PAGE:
This year marked the 35th anniversary of Super Mario, and we saw Nintendo celebrate the occasion with a host of Super Mario-related announcements including new games and merchandise. With The Legend of Zelda series also hitting its 35th anniversary next year, there’s now the question of what exactly Nintendo will do for the event. Some were disappointed with how Nintendo’s mascot was treated this year, due to the low-effort feeling of Super Mario 3D All-Stars on Nintendo Switch. It’s hard to have confidence that Nintendo will go all-out for the Zelda 35th anniversary, but there’s always hope. To make the 35th anniversary of the Zelda series something really special, here is what we hope Nintendo can do.
Nintendo Switch has a clear lack of legacy Zelda titles, and there would be no better time to rectify this than on the anniversary of the series. Much like Super Mario 3D All-Stars, a similar Zelda collection could bring together three (or more) of the most prominent 3D Zelda titles from past Nintendo generations. Ideally, I’d like to see The Legend of Zelda: The Wind Waker, The Legend of Zelda: Twilight Princess, and The Legend of Zelda: Skyward Sword packaged into a new collection with a host of updates. Of course, both Wind Waker and Twilight Princess already received HD remasters for the Wii U, so how would this be any different from those?
Aside from the obvious benefits of increased graphical fidelity and higher frame rates, there could be more interesting changes. For example, perhaps the slow opening of Twilight Princess could be accelerated with some clever changes. The game could also introduce new modes like a boss rush or Wolf Link challenge arenas to take better advantage of its most interesting and underutilized mechanics, such as its wealth of unlockable sword attacks, the imaginative bosses, and Wolf Link’s combat.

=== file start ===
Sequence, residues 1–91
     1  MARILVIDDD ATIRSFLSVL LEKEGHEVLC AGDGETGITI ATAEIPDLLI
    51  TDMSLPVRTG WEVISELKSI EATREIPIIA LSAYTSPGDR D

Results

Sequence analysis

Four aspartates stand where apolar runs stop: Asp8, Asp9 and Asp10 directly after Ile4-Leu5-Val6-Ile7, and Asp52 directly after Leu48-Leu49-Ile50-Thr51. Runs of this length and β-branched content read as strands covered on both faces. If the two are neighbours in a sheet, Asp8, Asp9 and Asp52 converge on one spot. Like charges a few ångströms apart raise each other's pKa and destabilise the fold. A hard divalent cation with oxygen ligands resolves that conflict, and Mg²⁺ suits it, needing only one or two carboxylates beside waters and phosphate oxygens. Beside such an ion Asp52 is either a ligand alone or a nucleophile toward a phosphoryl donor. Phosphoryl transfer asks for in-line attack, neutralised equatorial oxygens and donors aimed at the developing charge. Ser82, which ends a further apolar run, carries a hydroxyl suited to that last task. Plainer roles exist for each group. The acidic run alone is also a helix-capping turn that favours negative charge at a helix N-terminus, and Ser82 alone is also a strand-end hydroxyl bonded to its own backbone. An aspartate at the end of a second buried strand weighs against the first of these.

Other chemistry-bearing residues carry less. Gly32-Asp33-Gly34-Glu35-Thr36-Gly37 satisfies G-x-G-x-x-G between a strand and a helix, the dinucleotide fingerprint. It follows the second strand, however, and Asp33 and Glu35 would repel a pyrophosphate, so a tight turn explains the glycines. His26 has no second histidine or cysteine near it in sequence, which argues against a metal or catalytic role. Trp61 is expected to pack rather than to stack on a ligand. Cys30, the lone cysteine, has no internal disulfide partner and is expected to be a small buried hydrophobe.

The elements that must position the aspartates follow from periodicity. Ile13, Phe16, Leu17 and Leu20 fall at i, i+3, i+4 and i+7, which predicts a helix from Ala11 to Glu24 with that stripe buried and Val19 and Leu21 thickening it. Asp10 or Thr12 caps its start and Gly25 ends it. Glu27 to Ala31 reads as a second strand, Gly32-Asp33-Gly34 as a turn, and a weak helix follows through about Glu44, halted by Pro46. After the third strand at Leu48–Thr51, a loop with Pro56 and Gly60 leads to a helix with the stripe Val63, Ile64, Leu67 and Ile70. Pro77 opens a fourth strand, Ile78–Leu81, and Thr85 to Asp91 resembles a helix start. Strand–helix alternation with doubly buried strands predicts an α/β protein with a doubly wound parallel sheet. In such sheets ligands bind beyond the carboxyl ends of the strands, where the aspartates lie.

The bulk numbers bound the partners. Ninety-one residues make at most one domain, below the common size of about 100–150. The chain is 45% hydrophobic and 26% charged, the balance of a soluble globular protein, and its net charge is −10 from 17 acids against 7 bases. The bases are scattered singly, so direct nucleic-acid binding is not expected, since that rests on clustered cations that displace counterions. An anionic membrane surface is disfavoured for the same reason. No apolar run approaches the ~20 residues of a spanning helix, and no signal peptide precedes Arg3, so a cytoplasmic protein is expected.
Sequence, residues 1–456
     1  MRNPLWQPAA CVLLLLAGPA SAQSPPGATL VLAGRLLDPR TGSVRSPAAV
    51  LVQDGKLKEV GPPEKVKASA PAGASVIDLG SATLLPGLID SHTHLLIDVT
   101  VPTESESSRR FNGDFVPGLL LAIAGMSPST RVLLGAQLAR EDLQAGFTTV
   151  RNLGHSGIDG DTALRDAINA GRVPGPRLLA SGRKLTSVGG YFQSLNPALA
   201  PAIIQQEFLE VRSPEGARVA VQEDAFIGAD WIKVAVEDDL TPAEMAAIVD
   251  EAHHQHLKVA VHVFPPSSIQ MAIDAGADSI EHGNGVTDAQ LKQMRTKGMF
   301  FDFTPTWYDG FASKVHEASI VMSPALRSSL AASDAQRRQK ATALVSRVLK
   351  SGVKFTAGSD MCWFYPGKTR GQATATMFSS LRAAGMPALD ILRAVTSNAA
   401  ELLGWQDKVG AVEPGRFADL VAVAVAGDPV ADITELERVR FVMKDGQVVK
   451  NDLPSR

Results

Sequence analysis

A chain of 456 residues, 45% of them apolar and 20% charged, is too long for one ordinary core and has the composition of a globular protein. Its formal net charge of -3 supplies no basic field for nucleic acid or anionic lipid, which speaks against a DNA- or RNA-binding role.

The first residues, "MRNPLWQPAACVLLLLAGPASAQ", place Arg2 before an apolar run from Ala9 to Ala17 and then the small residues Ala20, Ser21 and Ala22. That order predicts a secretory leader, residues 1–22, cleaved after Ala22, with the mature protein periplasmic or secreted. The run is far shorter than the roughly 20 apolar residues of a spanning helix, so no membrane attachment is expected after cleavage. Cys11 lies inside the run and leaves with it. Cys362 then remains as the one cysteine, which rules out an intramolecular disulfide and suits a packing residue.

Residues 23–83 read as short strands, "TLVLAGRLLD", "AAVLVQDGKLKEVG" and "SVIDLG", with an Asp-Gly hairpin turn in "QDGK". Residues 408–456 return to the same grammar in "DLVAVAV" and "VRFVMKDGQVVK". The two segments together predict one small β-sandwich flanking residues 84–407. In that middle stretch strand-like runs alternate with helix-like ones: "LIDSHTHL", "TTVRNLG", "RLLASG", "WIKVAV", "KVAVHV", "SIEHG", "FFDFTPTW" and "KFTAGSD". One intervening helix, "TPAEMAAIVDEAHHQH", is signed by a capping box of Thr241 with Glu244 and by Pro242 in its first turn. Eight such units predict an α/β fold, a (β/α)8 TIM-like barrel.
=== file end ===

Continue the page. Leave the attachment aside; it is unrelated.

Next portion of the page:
Wind Waker has less to improve upon than Twilight Princess, but hypothetically, what if Nintendo could manage to rework the two dungeons that were missing from its original release? These changes would be going above and beyond for a remaster, but the Zelda 35th anniversary would be the time for such things.
Skyward Sword is an entirely different beast. With the jump to HD, its vibrant watercolor style could shine similarly to that of Breath of the Wild. However, its reliance on motion controls means it would inevitably need the most reworking out of these three titles, to the extent that I wouldn’t be surprised if it ended up being sold as an individual remake. Ideally, Nintendo could offer an alternative control scheme that’s less reliant on motion controls for the sake of accessibility. HD Rumble and the motion capabilities of the Joy-Con could be used to update some essential mechanics like specific gadgets and the Master Sword too.
To round things out, improving the pacing of the game with fast travel and the ability to skip cutscenes or dialogue would greatly cut down on backtracking in the latter half. Adding more activities to the somewhat empty Skyloft would make exploration more rewarding too.
Remaking legacy games wasn’t something that Nintendo typically did or allowed in the past, but this seems to be changing in recent years. Games like Metroid: Samus Returns and The Legend of Zelda: Link’s Awakening have received complete makeovers that modernize their visuals and gameplay. If we could hope for Nintendo to do this again with next year’s Zelda 35th anniversary, then The Legend of Zelda: Ocarina of Time and The Legend of Zelda: Majora’s Mask would be prime candidates. Both of these games received updated remasters for Nintendo 3DS, which brought graphical improvements and quality-of-life changes. However, considering the naturally underpowered 3DS hardware, it’s clear that there is a lot more potential for these games to be brought up to modern standards.